You’ll Never Guess What a Supermassive Black Hole’s Favorite Food Is

Researchers are beginning to understand the relationship between black holes and galaxies. 

 

Cosmic jellyfish might sound like the name of a really bad cover band, but in reality, these are galaxies whose tentacles of stars, gases, and cosmic dust stream forth from their central, galactic discs. They certainly aren’t alone. Curiosities and strange wonders abound in our vast, prodigious universe. Both professional and amateur astronomers alike have hollered “Eureka!” at such things as voorwerps, magnetars, blitzars, and “green peas.”


What else is interesting about jellyfish galaxies? Funny you should ask. The European Southern Observatory (ESO) has recently discovered that they fuel supermassive black holes. These enormous whirling vortexes each contain an “active galactic nucleus (AGN).” The AGN is the ultra-bright region at the center of a galaxy.

Although supermassive black holes inhabit the center of almost all galaxies, few are active. Exactly why has been a big question for astronomers. Another question is how galaxies accrete or gain matter.

Artist's rendition of a supermassive black hole. By ESO, via Wikimedia Commons.

Astronomers at ESO’s Paranal Observatory in Chile recently found out how AGNs accrete. Their report was published in the journal Nature. By using their MUSE (Multi-Unit Spectroscopic Explorer) instrument, part of the Very Large Telescope (VLT), the team found that a supermassive black hole sits at the heart of each jellyfish galaxy.

Newborn stars produce tentacles. Some of the gases are fed back into the galaxy’s center, causing its supermassive black hole to glow and shine in a way that few others do. To conduct the study, researchers observed nearby jellyfish galaxies, some with tentacles tens of thousands of light-years long.

The project was led by Bianca Poggianti of the INAF-Astronomical Observatory in Italy. She and colleagues discovered that these celestial appendages are formed through what’s known as ram pressure stripping. Gravity pulls galaxies close together at high speed, forming clusters. The intensity of this force demands a close proximity, which in turn causes a buildup of hot gases.

The gases soon become dense. The pressure builds and after awhile, it becomes too great. Once it reaches critical mass, starbursts go off within the galaxy’s core, sending gas-filled jets spewing out. From our vantage point, these jets look like tentacles. So it seems like some of these gases in the tentacles make their way back to the AGN, which how galaxies accrete useful material.

“This strong link between ram pressure stripping and active black holes was not predicted and has never been reported before,” Dr. Poggianti said. “It seems that the central black hole is being fed because some of the gas, rather than being removed, reaches the galaxy center.”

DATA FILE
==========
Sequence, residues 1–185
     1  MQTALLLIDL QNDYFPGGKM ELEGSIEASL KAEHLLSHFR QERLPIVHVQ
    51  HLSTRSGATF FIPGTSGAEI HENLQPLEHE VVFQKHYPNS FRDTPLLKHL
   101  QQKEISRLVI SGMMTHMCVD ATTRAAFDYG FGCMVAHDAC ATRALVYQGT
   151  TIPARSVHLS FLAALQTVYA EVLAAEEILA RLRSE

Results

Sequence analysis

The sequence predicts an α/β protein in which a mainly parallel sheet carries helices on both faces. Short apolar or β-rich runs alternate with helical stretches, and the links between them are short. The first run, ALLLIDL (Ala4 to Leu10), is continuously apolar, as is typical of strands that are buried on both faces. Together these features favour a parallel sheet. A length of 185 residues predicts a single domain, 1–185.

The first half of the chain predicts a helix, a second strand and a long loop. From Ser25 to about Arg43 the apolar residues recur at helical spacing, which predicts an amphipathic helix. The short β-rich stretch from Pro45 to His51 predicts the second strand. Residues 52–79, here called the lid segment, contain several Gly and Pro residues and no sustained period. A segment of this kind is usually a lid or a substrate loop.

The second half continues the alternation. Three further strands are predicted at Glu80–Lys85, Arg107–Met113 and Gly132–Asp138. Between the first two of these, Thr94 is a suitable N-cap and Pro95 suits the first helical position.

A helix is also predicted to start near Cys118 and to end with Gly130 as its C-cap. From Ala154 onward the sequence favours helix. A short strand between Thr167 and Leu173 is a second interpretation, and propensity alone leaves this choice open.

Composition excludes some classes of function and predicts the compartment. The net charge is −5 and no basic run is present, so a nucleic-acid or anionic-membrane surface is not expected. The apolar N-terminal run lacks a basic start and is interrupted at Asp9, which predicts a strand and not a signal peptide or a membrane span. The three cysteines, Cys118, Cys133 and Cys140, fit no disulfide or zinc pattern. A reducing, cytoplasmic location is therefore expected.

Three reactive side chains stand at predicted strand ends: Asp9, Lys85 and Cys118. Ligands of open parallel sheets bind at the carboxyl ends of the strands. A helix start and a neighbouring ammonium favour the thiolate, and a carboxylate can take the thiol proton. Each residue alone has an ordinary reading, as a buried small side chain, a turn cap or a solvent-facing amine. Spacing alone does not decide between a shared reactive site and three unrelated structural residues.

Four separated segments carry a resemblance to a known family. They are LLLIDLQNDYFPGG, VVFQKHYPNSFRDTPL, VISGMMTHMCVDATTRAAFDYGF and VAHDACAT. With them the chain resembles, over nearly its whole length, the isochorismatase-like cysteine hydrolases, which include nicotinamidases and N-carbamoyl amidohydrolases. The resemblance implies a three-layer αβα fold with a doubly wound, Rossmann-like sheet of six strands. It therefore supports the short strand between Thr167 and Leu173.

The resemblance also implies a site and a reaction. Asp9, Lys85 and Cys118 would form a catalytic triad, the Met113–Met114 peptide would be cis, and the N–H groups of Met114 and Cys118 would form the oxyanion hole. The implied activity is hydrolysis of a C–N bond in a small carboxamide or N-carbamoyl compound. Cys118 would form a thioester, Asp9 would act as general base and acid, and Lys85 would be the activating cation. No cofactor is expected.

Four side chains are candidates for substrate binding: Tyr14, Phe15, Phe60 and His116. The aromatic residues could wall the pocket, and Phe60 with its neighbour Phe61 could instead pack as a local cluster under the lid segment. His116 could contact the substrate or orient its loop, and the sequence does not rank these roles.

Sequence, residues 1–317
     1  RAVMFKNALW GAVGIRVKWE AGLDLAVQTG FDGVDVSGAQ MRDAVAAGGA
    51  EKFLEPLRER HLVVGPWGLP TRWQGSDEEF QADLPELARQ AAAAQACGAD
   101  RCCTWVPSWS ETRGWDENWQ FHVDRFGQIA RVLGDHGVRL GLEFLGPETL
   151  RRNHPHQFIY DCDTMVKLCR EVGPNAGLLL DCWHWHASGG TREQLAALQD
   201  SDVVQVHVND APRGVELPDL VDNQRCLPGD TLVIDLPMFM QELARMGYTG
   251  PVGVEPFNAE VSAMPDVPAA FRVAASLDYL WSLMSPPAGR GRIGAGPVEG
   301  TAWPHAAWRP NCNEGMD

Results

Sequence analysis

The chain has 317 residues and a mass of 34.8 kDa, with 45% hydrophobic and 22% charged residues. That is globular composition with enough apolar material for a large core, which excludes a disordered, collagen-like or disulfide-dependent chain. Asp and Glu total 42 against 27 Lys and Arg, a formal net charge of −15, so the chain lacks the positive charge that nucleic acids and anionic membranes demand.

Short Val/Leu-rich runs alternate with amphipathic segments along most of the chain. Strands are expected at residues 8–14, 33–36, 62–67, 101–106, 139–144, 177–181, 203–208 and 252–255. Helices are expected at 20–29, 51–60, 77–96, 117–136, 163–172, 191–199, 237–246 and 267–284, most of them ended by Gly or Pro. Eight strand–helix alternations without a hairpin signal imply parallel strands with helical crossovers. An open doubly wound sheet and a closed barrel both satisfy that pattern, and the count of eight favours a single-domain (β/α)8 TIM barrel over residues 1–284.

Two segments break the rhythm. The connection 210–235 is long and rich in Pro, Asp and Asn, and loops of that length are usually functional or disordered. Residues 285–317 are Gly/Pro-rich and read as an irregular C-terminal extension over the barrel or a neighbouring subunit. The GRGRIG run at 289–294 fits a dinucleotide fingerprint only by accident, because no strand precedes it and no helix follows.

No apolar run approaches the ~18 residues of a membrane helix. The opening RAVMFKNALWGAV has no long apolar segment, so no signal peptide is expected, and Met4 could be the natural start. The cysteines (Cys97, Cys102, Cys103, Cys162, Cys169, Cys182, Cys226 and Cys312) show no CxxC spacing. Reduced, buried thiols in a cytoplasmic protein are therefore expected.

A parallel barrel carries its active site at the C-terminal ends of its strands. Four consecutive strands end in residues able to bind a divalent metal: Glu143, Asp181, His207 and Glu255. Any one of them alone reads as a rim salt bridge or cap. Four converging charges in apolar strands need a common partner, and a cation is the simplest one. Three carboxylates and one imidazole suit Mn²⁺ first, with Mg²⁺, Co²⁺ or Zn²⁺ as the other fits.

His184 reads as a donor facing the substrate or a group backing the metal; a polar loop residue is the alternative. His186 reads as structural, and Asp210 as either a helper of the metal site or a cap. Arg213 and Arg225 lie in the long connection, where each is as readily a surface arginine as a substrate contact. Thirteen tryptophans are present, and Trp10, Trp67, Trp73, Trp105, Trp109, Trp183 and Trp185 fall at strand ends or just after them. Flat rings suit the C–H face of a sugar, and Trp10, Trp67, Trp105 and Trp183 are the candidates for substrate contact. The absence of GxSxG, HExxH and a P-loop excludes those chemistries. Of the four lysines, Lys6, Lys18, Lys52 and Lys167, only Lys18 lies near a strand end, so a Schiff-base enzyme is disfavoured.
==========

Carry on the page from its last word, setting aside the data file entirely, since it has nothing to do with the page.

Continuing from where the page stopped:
Poggianti and her team are currently studying many more such galaxies. They’ll look at 114 out of the 400 known cosmic jellyfish out there.

Example of a jellyfish galaxy. ESO.

Dr. Poggianti concludes the report by saying,

This survey, when completed, will reveal how many, and which, gas-rich galaxies entering clusters go through a period of increased activity at their cores. A long-standing puzzle in astronomy has been to understand how galaxies form and change in our expanding and evolving Universe. Jellyfish galaxies are a key to understanding galaxy evolution as they are galaxies caught in the middle of a dramatic transformation.

To see more about the ESO’s discovery, click here: 

NASA astronomer Michelle Thaller on ​the multiple dimensions of space and human sexuality

Science and the squishiness of the human mind. The joys of wearing whatever the hell you want, and so much more.

Flickr / 13winds
Think Again Podcasts
  • Why can't we have a human-sized cat tree?
  • What would happen if you got a spoonful of a neutron star?
  • Why do we insist on dividing our wonderfully complex selves into boring little boxes
Keep reading Show less

How to split the USA into two countries: Red and Blue

Progressive America would be half as big, but twice as populated as its conservative twin.

Image: Dicken Schrader
Strange Maps
  • America's two political tribes have consolidated into 'red' and 'blue' nations, with seemingly irreconcilable differences.
  • Perhaps the best way to stop the infighting is to go for a divorce and give the two nations a country each
  • Based on the UN's partition plan for Israel/Palestine, this proposal provides territorial contiguity and sea access to both 'red' and 'blue' America
Keep reading Show less

Increased air travel may decrease the chances of a global pandemic

The closer together we get, the argument goes, the healthier we'll be.

Surprising Science
  • The more exposed we are to each other, the less surprising a pathogen will be to our bodies.
  • Terrorism, high blood pressure, and staffing issues threaten to derail progress.
  • Pursuing global health has to be an active choice.
Keep reading Show less